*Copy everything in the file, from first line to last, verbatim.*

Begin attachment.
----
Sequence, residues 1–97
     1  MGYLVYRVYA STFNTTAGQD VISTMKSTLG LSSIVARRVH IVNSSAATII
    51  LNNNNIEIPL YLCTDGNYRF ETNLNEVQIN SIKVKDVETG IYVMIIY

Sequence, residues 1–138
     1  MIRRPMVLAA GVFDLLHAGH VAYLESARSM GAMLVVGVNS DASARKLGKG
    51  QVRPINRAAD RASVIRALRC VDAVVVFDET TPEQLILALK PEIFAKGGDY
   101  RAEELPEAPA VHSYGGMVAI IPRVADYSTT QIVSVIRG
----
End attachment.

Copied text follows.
Sequence, residues 1–97
     1  MGYLVYRVYA STFNTTAGQD VISTMKSTLG LSSIVARRVH IVNSSAATII
    51  LNNNNIEIPL YLCTDGNYRF ETNLNEVQIN SIKVKDVETG IYVMIIY

Sequence, residues 1–138
     1  MIRRPMVLAA GVFDLLHAGH VAYLESARSM GAMLVVGVNS DASARKLGKG
    51  QVRPINRAAD RASVIRALRC VDAVVVFDET TPEQLILALK PEIFAKGGDY
   101  RAEELPEAPA VHSYGGMVAI IPRVADYSTT QIVSVIRG